Thursday, January 10, 2008

The Army and Democracy

The world's two greatest democratic nations, American and Great Britain, have historically been mistrustful of large standing armies as a threat to freedom. This assumption has been born out countless times as continental nations with sizable military establishments such as France, Russia, Germany, and Spain, have often been under the mercy of tyrants chosen and buttressed by their powerful land armies.

An interesting contrast is of all the most stable countries in the Middle East are backed by very efficient Western-style armies. These include Turkey, Jordan, India, Pakistan, and now Iraq. Before you write off Pakistan, consider that it has been a hot-bed of terrorist activity since the fall of the Taliban in Afghanistan, and the retreat of Al Qaeda into the country's mountains. It is a miracle that the Pakistani government hasn't fallen to the radicals long ago, mainly because of Musharraf and the army.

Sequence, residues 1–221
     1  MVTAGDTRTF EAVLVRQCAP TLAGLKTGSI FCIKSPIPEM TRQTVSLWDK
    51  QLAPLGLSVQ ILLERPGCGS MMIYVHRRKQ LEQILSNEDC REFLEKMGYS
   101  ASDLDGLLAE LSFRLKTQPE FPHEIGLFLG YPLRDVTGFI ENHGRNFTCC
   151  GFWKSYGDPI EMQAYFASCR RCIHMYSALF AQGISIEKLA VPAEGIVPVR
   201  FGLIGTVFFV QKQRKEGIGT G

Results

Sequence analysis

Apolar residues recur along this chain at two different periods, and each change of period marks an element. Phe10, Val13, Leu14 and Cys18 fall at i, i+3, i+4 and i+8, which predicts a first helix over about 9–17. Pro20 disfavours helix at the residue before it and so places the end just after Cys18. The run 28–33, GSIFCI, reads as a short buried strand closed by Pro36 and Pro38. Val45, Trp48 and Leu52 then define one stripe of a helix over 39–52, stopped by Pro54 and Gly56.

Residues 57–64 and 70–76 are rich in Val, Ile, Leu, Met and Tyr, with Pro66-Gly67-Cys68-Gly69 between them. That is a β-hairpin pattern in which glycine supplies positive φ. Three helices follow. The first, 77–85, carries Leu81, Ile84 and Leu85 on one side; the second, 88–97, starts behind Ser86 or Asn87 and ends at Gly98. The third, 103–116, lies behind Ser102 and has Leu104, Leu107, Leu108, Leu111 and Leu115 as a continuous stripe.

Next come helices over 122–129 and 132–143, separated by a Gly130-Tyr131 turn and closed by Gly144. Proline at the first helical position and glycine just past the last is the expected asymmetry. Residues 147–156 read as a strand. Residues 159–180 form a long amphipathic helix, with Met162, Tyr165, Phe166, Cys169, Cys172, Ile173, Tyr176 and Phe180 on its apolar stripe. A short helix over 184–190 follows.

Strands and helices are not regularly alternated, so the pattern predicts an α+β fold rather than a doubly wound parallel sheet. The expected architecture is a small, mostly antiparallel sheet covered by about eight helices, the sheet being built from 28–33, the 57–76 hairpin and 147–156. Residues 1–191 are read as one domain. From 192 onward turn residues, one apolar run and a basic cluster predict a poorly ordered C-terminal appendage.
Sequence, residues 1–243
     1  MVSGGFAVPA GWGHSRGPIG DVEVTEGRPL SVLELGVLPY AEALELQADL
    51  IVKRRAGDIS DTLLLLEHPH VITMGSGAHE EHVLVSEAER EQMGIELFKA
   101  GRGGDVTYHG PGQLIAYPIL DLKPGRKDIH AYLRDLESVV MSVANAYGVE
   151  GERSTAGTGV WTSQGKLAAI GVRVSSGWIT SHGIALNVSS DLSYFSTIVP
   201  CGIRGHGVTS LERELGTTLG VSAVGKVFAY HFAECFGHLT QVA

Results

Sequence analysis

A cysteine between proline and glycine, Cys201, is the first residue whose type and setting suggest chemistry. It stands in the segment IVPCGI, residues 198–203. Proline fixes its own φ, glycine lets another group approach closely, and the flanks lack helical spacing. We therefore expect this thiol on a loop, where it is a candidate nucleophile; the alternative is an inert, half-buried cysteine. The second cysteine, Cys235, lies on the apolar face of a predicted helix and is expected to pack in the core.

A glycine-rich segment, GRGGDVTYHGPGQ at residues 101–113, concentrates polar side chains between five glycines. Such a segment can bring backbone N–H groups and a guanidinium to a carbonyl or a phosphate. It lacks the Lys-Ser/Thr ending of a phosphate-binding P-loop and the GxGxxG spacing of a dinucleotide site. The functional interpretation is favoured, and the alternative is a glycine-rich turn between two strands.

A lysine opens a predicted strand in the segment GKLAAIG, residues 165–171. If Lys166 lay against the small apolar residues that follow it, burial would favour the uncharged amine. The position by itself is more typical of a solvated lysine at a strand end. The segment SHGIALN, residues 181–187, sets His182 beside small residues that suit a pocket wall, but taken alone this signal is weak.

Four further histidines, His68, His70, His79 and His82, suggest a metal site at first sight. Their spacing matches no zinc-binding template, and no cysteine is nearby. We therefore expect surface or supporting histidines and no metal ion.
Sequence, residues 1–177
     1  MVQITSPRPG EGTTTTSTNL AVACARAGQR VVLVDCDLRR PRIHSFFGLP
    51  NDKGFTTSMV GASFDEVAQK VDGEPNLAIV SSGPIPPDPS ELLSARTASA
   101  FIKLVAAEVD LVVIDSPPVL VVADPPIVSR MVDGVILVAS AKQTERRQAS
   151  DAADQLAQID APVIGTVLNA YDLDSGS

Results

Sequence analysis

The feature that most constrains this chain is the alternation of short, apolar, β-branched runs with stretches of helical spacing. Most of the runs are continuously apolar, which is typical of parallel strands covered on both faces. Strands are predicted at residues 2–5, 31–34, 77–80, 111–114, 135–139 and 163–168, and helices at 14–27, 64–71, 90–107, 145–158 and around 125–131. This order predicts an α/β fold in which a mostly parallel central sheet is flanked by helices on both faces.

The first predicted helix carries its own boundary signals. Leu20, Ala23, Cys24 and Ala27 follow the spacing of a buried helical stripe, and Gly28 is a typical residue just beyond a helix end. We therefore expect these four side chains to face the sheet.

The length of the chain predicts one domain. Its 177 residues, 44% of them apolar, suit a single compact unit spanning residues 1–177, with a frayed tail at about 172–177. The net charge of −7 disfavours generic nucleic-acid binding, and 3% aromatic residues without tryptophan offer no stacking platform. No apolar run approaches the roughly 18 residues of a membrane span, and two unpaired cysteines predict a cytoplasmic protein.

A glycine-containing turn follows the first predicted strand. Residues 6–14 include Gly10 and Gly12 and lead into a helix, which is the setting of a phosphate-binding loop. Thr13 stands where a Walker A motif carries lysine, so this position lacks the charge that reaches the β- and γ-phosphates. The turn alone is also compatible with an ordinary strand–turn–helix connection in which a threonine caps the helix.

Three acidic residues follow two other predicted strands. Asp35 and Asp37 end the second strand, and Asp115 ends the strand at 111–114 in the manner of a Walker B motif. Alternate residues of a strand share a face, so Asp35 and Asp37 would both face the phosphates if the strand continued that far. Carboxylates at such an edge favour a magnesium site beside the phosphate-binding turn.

This gives some encouragement that the new Iraq, while seeming to falter as far as political progress goes, is standing up a very efficient and modern ground force, soon to be the best in the region. My prediction is that the Petraeus trained Iraqi army will continue to grow as a stabilizing force that will help the new government eventually find its legs.